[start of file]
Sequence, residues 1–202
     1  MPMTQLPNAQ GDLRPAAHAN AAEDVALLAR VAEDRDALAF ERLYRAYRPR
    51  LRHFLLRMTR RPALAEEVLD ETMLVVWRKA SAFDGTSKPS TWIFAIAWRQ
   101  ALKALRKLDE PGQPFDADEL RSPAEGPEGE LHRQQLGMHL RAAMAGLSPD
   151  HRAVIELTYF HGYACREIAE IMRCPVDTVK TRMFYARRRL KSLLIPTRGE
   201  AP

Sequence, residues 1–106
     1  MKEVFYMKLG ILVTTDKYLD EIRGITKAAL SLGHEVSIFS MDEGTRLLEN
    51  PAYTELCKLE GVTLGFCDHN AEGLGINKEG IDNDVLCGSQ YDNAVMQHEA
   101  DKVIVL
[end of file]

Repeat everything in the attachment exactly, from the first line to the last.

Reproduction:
Sequence, residues 1–202
     1  MPMTQLPNAQ GDLRPAAHAN AAEDVALLAR VAEDRDALAF ERLYRAYRPR
    51  LRHFLLRMTR RPALAEEVLD ETMLVVWRKA SAFDGTSKPS TWIFAIAWRQ
   101  ALKALRKLDE PGQPFDADEL RSPAEGPEGE LHRQQLGMHL RAAMAGLSPD
   151  HRAVIELTYF HGYACREIAE IMRCPVDTVK TRMFYARRRL KSLLIPTRGE
   201  AP

Sequence, residues 1–106
     1  MKEVFYMKLG ILVTTDKYLD EIRGITKAAL SLGHEVSIFS MDEGTRLLEN
    51  PAYTELCKLE GVTLGFCDHN AEGLGINKEG IDNDVLCGSQ YDNAVMQHEA
   101  DKVIVL